Given that CoP participation requires individual interest and the commitment of energy, I would regard the 'bottom up' approach as a very good indicator of employee engagement. On the other hand, a top-down approach could easily spell management over-reach and/or knowledge conscription... and I'm sure you're wise enough NOT to advocate that.

So, while the 'wild garden' and 'market garden' is a cute analogy, I find it too coarse and indiscriminate to be useful. I think that community leadership is key to moving from the 'shaggy' to the 'orderly'. You might be confusing CoPs with other types if organizational groupings in which knowledge sharing needs to be imposed (as if) and, if that is the case, then somewhat different dynamics will prevail ~ less conducive to participation and sharing.

Nick Milton said...

I am sorry you fnd the post distasteful Mike. It was not meant to be insulting.

Unknown said...

@Mike McHugh I think you misunderstand a little, it is not that the employees are weeds, but that we as community members sometimes "sow tares among the wheat". I have seen an unmanaged community (based on a Yammer experiment) that quickly got out of hand with posts about the iPhone 6 vs Android debate. Although it generated a lot of energy, the original goal of inter-departmental information sharing was somewhat forgotten. A little guidance would have kept things on focus. Not control of what is said, but just recommending people stay on topic and encouraging technical information sharing. It does take some subtly and finess to get it right!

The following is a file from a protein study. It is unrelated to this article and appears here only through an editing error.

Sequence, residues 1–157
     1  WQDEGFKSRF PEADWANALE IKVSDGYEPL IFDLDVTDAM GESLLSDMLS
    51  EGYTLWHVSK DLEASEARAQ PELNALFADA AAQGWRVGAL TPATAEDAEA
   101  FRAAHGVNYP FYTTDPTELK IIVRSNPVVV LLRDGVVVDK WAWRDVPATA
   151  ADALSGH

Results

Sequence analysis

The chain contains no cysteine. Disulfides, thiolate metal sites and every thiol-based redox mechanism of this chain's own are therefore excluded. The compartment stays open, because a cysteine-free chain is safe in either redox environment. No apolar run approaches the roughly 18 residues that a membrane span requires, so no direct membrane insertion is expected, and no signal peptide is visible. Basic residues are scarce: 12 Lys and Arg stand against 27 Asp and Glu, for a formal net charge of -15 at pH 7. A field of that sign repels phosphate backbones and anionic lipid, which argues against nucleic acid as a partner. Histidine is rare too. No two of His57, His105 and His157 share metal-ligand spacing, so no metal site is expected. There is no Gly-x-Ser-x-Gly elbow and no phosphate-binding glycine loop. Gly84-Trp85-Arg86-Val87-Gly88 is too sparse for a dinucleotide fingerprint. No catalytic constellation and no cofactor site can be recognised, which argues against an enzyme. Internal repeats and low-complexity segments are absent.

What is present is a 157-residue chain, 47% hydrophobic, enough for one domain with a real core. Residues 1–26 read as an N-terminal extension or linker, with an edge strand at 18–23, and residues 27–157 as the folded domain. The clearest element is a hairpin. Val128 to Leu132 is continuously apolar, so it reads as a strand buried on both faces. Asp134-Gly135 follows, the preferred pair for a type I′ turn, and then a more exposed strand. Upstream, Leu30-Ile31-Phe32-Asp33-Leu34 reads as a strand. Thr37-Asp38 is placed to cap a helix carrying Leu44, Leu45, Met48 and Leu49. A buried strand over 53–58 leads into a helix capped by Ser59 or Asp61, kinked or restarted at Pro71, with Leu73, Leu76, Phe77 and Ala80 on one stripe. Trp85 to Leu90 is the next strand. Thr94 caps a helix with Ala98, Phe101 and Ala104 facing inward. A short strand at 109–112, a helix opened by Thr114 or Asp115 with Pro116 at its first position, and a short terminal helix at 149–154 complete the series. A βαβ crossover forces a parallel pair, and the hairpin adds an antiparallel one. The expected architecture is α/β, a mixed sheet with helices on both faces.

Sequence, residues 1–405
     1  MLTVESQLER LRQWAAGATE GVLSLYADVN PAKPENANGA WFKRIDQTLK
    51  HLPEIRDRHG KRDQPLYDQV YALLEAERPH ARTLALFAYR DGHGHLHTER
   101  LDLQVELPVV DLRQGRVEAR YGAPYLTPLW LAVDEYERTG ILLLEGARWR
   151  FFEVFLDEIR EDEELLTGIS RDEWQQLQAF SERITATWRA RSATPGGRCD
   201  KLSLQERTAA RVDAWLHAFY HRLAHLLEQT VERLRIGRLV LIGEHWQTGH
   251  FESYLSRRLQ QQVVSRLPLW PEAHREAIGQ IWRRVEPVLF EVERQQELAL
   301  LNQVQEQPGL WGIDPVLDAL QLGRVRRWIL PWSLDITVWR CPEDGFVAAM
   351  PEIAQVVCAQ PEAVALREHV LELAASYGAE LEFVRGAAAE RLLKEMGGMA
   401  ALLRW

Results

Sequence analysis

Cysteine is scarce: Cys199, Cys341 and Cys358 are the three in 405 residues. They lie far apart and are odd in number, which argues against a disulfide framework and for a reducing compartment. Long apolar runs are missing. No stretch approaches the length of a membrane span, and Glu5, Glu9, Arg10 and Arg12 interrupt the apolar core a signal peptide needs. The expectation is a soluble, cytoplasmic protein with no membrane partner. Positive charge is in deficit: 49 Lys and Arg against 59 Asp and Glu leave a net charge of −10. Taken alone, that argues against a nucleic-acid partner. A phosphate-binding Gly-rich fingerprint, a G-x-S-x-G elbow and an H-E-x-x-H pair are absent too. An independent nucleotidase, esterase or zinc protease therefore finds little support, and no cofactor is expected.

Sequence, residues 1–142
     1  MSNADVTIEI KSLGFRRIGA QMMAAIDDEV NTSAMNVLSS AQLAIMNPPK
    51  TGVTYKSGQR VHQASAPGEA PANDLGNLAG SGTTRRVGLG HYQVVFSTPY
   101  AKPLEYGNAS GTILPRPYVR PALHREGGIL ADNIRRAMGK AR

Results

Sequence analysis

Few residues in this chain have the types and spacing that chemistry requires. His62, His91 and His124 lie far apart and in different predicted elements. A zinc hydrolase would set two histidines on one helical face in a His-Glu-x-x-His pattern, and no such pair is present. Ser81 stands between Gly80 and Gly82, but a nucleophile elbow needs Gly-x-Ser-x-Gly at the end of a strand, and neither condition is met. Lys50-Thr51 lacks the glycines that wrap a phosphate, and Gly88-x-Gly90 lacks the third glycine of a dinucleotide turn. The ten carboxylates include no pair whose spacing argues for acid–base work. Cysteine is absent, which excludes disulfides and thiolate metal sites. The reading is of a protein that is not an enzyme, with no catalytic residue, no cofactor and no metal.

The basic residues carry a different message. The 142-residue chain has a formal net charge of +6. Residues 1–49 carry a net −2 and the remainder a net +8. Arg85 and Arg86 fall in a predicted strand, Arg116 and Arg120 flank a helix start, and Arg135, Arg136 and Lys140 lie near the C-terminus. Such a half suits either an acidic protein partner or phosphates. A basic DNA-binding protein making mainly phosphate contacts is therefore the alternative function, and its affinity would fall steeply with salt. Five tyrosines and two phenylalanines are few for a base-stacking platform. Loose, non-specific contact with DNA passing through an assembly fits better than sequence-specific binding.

Unknown said...

@Andreas: No, I don't think I misunderstand a little - or even at all. I do understand the situation you describe, and it sound very much like a technology platform which enables people to post what they want. That simply isn't a CoP.

As I said in my earlier post, leadership is a key component of a CoP; and I would advocate that community members volunteer to participate within the bounds of their agreed domain. The example you mention implies a free-for-all, and I can't see that as being any form of KM. Or, perhaps, your community domain was 'smartphones'.

Nick Milton said...

That's sort of the point, Mike. The "free for all" approach is the wild garden, full of weeds. The managed approach, with agreed domains and leadershuip, is the "market garden".

Joan D said...

I'm a gardener. So this was easy for me to translate to usefulness of this to CoP. My garden uses both approaches, I let many self-seeded plants spring up randomly. I also do a clean fresh plot.

As I've supported and grown CoPs, using both methods. It depends what you've got when you start. If the "wild" garden has potential (tilled soil or valuable plants), it is much easier to start with the potential in the wild approach. Both take work though, the wild approach needs just as much direction, and sometimes more expertise, as the managed site does. Once either of these get going, it's a lot of fun to work with. The point is to get the CoP started.